‘a fiend in feline shape’

Sunday October 5th 2014

Isis is very good in the car except for chasing ‘flies’ energetically up and down the back seat as I negotiate the Stourbridge ring road.

She sleeps in her bed and receives a sausage with enthusiasm at Dinky’s Diner.

When we arrive she barely gets inside the front gate before Daisy Cat approaches to investigate.

Once inside, she leans against the front door and is very disinclined to budge.

Unfortunately, when she eventually creeps into the front room en route to her bed she passes too close to Daisy who (being a right minded cat) smacks her nose. Poor Isis jumps out of the room backwards and refuses to re-enter.

Night comes. Isis sleeps in the hallway while Daisy smugly joins me in my sleeping bag in the back room.

Monday October 6th

6.00am. Isis woofs, requesting to go out. I take her into the garden and hope I am unobserved as I stand there in my black and white striped onesie. The Polymath thinks I look like a convict or a pierrot.

Isis enjoys her walk in the nature reserve. She amazes me: no anxiety, no refusals. She just sniffs and sniffs and sniffs.

5.00pm. The sea! The sea! Hugely excited she rushes towards the beach, scampers across the sand and jumps into the surf. She leaps in and out of the water continuously and, since we are attached, so do I. I am enchanted. And very wet.

Back at home Daisy is enthralled by the new kitty TV show. Wide-eyed, she follows Isis’s every movement.

It’s a cold night and Isis is restless. Disentangling myself from my sleeping bag I feel my way into the hall. She is cool to the touch. I carry her to my bed where she falls asleep immediately.

Tuesday October 7th

9.oo a.m. and Isis begins to nibble me affectionately. I am not easily persuaded to leave my bed, but Isis has very sharp teeth.

Later in the day she discovers treats in her dog bed and begins to reclaim it. But the fiend has been sleeping there. When Isis lowers her head to curl, she smells the intruder and leaps up as though shot.

We walk for an hour along the promenade and then back along the beach. Again Isis is electrified by the sea and the sand. She seems to sense the huge space around her and runs and runs.

Will buy a long line tomorrow so that she can be more free.

I think about the complexity of animal behaviour. Isis displays alarm when a light is switched on and when the sun comes out. She flattens herself, staring upwards. She does the same when a shadow falls or when there is a shadow in her path. At the beach the sun is glancing off the the eddying surf and the wet surface of the sand but Isis shows no fear.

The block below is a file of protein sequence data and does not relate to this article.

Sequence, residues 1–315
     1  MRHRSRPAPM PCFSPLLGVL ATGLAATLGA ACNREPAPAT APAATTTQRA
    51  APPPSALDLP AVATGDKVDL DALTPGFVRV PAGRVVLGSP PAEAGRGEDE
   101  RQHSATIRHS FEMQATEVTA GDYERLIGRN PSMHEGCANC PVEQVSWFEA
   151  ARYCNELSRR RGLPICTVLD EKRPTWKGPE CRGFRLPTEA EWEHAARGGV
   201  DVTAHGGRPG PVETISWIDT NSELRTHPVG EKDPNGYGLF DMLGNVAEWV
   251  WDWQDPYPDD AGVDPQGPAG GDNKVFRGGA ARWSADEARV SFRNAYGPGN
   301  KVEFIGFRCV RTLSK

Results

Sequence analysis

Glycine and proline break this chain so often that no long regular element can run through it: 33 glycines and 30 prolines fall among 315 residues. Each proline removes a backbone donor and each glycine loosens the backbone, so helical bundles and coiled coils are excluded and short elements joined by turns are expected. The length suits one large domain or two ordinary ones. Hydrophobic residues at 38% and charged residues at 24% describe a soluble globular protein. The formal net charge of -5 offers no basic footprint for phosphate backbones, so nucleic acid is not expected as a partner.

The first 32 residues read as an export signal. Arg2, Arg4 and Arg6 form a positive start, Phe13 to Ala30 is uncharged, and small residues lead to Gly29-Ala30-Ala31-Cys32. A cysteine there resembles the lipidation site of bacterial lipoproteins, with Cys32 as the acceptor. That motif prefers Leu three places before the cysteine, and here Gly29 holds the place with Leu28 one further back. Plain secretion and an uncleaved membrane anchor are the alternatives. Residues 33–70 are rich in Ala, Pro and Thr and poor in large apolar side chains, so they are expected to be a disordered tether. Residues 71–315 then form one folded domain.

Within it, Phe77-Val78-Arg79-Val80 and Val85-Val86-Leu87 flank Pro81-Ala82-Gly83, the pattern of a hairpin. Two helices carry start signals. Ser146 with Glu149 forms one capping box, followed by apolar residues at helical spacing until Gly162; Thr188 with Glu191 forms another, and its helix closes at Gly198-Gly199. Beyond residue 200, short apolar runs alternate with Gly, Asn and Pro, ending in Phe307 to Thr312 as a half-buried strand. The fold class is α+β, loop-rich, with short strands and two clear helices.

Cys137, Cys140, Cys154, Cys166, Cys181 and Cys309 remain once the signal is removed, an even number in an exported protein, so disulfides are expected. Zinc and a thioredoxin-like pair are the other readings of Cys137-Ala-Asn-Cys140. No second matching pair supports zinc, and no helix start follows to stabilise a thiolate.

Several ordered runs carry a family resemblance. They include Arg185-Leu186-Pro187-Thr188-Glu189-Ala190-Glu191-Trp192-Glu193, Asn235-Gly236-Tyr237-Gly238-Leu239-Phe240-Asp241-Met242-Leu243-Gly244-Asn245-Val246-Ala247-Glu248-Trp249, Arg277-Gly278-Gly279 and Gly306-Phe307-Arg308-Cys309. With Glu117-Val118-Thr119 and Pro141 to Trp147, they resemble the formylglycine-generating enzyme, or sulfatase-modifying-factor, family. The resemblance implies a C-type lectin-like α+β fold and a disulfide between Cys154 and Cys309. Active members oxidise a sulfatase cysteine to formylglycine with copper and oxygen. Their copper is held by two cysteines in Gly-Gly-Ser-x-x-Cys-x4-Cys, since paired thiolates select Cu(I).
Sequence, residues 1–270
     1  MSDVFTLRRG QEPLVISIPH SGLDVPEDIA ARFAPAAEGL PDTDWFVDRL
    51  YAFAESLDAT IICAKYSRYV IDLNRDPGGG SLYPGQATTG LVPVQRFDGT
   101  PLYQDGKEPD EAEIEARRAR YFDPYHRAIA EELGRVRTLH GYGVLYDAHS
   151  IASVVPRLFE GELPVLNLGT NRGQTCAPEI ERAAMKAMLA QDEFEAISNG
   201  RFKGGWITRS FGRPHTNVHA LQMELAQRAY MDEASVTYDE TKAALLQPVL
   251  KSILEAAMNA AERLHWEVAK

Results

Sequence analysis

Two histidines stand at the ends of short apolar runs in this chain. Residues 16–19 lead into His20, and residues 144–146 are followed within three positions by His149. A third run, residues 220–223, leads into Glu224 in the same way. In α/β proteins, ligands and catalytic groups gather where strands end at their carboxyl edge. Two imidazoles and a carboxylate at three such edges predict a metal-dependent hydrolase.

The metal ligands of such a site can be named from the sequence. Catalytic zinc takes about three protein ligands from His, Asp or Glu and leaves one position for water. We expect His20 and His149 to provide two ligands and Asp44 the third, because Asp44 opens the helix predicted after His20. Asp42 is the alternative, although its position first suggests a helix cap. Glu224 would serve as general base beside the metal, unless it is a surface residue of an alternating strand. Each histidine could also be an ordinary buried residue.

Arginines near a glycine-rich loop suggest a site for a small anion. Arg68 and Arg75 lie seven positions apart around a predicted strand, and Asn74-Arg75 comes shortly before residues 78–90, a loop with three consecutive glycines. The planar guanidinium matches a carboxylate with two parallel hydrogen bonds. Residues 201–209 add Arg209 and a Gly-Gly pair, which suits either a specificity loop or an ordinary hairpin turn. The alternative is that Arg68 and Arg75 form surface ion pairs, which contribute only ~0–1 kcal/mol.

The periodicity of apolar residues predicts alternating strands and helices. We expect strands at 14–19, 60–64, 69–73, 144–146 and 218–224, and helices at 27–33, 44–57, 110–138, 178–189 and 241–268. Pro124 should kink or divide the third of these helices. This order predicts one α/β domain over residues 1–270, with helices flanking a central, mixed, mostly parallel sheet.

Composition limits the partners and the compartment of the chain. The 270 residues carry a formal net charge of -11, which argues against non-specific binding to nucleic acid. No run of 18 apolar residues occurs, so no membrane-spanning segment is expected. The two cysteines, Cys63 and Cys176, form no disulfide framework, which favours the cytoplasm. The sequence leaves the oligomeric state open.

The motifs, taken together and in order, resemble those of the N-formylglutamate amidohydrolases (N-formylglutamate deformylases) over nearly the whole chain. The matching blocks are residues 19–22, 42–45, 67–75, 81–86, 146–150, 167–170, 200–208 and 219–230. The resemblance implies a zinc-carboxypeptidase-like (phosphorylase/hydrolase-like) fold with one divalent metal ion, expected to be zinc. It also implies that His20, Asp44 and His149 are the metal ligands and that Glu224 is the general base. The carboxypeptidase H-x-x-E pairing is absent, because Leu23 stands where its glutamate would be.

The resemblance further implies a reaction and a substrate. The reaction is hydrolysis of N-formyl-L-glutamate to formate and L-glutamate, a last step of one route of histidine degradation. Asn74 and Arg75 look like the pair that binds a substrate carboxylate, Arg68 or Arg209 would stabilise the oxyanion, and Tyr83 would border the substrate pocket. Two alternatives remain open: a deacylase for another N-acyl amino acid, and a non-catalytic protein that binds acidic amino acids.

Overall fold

When I first had her she wanted to stay outside all night. Now I have to coax her into the garden and stay out with her. In Wales she will not leave the house at all at night unless I take her on the lead.

Clearly, her light and shade issues are less straightforward than I thought.

Polymath says she is a charming little dog and unexpectedly calm.

She has surprised me too. I was prepared to return home early if she was unable to settle but she has decided that the back room is her safe place and she appears to be coping well.

Wednesday October 8th

She allows the Polymath to stroke her for the first time.

We have a very long walk around all the twisty paths in the nature reserve, ascending and descending dozens of stone steps. At the beginning of each flight I draw her attention to the height and depth of the steps by putting my hand in front of her muzzle and getting her to follow my hand with her nose to the step so that she can gauge its height and depth. I feel  overawed by her bravery and her willingness to tackle such a hazardous route. She does  not baulk even when she slips and slides down two steps. I am humbled by her trust in me and very aware of the huge responsibility I have for keeping her safe.

Thursday October 9th

On the off-chance that Isis might feel OK about walking in a small seaside town, I take some money with me and we set off to walk to the DIY shop for a grooming brush and six metres of nylon rope. Isis is unfazed until I open the door of the shop. Then she sits  down firmly on the pavement and refuses to move.

I pick her up and carry her to the first floor of the shop. We find what we need and, fascinated, I watch her coming down the stairs behind me. They are carpeted and have aluminium strips at their edges. She descends very slowly spreading out her toes on the edge of each step, until you can see the pink skin stretched between them. Then, very tentatively, she  stretches one paw down to the next step. Her timing is perfect.

Down at the beach, lead off and nylon rope attached to her harness, she prances ecstatically in and out of the sea.

Isis in Wales 025

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2 Responses to ‘a fiend in feline shape’

  1. Kerry says:

    This is lovely, it is beautiful the care and thought you give to the Hairy Immigrant. Isis maybe remembers the sea from here in Portugal?


  2. Garry Gross says:

    A moving and charming blog. Having been with K when she was handed in and watched the transformation taking place, it is heart warming to read of the bond that has taken place. Maybe your blog should be the basis of a book? Love and respect to you both.


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